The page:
This article was written as an essay as part of work undertaken by the author for his MSc in Forensic Psychology at Manchester Metropolitan University.
The background to this project is provided by my work as a clinical psychologist in part-time private practice since 1992, undertaking medico-legal assessments on personal injury cases. To date (2000) I have performed over 300 such assessments, the bulk of claimants having experienced road traffic accidents (RTAs) (see Endnote 1). Data on 204 adult RTA clients were analysed by M.Sc. student Ms. Laura Gross of the Department of Probability and Statistics at the University of Sheffield. An account of this work is given in her unpublished thesis (Gross, 1999) and is described in the Appendix to this essay.
I have attended a number of training courses concerned with this kind of work and I list these in the Appendix, along with principal sources of information that I have consulted in the preparation of this essay. This includes a literature search in 1998 by students at the University of Sheffield's Department of Information Studies as a course assignment. I have topped this up myself with a search of the most recent literature.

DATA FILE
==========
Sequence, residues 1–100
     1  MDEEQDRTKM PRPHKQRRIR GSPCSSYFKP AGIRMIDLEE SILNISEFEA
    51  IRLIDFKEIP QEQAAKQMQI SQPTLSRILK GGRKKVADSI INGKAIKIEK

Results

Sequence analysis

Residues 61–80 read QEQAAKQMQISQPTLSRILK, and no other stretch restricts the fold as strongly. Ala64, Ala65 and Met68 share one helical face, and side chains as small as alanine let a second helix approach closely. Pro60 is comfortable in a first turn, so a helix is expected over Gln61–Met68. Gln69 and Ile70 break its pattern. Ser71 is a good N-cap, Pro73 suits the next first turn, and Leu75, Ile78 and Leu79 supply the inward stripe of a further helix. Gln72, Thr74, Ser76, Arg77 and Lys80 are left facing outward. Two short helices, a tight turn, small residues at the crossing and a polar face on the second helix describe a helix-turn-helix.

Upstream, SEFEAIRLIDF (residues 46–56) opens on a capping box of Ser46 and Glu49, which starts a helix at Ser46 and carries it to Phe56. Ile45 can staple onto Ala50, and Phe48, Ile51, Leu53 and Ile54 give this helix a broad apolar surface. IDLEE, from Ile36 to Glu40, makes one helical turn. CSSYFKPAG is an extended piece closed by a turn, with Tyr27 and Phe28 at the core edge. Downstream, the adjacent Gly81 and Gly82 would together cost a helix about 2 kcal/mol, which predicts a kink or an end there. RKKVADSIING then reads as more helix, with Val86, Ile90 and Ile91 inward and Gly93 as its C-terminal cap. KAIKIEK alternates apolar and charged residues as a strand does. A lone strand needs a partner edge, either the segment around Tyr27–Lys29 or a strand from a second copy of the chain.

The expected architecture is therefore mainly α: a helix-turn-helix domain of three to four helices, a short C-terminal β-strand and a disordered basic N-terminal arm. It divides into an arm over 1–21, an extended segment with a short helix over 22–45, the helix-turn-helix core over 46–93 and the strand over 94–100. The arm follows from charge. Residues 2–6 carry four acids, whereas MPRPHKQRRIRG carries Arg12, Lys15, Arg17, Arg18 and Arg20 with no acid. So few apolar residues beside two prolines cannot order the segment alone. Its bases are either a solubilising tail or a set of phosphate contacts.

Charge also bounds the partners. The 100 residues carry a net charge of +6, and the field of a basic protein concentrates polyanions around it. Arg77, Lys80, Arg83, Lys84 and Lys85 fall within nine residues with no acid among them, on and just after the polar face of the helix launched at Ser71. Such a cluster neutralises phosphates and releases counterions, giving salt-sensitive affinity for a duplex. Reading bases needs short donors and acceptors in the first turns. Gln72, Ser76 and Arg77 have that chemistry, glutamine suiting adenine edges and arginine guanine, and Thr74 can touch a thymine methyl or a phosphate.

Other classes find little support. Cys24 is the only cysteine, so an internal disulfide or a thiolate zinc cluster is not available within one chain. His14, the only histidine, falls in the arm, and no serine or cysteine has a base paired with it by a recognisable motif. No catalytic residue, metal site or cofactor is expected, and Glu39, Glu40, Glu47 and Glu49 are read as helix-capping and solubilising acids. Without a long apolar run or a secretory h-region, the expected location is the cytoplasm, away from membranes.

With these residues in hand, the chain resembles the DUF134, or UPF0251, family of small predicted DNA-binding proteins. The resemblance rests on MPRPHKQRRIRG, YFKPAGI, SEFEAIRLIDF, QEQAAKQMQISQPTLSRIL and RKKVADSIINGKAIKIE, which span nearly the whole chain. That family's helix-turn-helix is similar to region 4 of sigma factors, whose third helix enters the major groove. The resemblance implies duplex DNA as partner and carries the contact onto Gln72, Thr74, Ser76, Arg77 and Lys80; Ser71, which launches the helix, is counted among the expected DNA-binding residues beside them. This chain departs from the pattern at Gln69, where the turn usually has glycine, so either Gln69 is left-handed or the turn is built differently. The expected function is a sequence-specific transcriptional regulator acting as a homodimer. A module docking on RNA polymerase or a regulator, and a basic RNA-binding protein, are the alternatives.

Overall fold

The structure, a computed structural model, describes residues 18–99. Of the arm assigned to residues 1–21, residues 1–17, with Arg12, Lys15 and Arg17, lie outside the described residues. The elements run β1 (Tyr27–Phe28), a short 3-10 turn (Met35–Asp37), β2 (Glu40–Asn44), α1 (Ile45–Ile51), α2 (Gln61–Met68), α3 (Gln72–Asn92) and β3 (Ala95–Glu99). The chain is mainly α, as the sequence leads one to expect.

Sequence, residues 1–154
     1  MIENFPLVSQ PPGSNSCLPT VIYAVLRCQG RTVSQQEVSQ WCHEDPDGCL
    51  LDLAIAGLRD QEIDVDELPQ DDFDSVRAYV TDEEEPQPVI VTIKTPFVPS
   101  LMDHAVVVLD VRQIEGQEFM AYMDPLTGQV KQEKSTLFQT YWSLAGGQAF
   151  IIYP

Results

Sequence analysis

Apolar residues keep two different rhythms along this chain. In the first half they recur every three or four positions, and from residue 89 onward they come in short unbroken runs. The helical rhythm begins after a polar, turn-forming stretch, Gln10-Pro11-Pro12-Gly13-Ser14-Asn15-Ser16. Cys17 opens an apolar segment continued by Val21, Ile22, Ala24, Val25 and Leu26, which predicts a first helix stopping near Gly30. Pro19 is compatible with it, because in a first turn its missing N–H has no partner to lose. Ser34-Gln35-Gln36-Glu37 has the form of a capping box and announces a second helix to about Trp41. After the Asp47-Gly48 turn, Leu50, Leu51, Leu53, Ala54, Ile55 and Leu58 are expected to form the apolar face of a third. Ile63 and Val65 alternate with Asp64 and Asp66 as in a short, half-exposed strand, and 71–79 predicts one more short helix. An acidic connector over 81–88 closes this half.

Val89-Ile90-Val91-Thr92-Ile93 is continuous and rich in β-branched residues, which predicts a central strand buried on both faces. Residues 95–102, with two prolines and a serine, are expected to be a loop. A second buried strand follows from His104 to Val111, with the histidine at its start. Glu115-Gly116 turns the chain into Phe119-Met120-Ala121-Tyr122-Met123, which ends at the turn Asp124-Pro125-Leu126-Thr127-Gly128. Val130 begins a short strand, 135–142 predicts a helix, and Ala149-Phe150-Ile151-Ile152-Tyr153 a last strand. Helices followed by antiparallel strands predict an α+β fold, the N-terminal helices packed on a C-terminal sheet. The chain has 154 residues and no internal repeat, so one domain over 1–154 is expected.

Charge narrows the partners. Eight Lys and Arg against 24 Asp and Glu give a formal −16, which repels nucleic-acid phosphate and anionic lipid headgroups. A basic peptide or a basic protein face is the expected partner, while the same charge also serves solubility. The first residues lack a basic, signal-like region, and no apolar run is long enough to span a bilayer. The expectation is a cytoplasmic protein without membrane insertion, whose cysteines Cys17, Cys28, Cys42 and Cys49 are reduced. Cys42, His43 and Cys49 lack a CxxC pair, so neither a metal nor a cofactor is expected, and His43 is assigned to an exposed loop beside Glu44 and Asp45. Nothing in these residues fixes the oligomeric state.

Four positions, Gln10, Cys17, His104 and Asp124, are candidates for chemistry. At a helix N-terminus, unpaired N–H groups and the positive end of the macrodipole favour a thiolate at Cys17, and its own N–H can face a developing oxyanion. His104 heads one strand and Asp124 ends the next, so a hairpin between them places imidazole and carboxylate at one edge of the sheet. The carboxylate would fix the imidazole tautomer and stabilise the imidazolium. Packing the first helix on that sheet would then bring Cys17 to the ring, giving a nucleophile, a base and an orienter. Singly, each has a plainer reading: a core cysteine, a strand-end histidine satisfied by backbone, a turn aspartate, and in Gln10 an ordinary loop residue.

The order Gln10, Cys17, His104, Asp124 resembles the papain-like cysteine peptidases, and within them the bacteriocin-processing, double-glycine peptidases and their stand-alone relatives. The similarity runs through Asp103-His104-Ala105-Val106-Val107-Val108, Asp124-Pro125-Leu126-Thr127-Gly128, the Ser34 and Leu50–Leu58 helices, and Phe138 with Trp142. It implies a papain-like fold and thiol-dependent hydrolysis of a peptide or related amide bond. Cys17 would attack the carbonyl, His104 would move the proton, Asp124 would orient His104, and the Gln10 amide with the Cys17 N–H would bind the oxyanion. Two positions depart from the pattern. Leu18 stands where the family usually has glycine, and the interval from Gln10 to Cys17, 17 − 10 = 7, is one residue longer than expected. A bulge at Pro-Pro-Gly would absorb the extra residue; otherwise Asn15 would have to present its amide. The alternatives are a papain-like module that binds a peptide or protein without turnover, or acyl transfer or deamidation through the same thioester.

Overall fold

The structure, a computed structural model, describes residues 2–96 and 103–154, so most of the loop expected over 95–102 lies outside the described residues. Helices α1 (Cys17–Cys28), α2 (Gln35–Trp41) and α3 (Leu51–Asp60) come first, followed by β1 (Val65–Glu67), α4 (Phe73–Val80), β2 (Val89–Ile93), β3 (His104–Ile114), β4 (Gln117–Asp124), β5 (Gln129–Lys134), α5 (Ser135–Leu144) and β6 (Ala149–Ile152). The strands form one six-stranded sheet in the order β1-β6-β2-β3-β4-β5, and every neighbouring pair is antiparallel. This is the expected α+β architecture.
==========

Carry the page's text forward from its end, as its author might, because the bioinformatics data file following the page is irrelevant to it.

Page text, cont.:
Psychological assessment of clients who have suffered as a result of the negligence or (in the case of criminal injuries) malevolence of others can, if he or she chooses, form a major part of the work of a forensic psychologist. It is apparent from my own experience of over eight years, and consultations with colleagues, that instructions are most commonly for RTA victims. Others include accidents at work, occupational stress where there is deemed to be employer liability, injuries sustained in public places, medical negligence, and assessments for the Criminal Injuries Compensation Board.
The psychologist is required to give his or her opinion in several or all of the following main areas: